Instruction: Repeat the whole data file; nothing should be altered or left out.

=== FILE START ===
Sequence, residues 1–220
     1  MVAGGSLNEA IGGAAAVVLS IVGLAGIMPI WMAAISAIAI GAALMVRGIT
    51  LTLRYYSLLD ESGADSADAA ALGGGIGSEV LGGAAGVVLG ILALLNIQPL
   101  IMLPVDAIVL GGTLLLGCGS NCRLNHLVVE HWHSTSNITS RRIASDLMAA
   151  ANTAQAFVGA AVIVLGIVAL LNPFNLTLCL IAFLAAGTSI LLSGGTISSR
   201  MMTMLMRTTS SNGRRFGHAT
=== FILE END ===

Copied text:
Sequence, residues 1–220
     1  MVAGGSLNEA IGGAAAVVLS IVGLAGIMPI WMAAISAIAI GAALMVRGIT
    51  LTLRYYSLLD ESGADSADAA ALGGGIGSEV LGGAAGVVLG ILALLNIQPL
   101  IMLPVDAIVL GGTLLLGCGS NCRLNHLVVE HWHSTSNITS RRIASDLMAA
   151  ANTAQAFVGA AVIVLGIVAL LNPFNLTLCL IAFLAAGTSI LLSGGTISSR
   201  MMTMLMRTTS SNGRRFGHAT